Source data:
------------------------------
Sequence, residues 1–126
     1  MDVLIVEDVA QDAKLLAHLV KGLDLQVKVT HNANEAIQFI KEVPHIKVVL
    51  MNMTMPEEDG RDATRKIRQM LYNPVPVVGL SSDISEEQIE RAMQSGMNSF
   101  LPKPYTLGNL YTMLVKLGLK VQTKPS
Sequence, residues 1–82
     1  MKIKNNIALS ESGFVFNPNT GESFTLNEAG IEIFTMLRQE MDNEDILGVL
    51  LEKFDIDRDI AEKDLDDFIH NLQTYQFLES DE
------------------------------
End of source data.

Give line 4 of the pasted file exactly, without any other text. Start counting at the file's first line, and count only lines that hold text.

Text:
   101  LPKPYTLGNL YTMLVKLGLK VQTKPS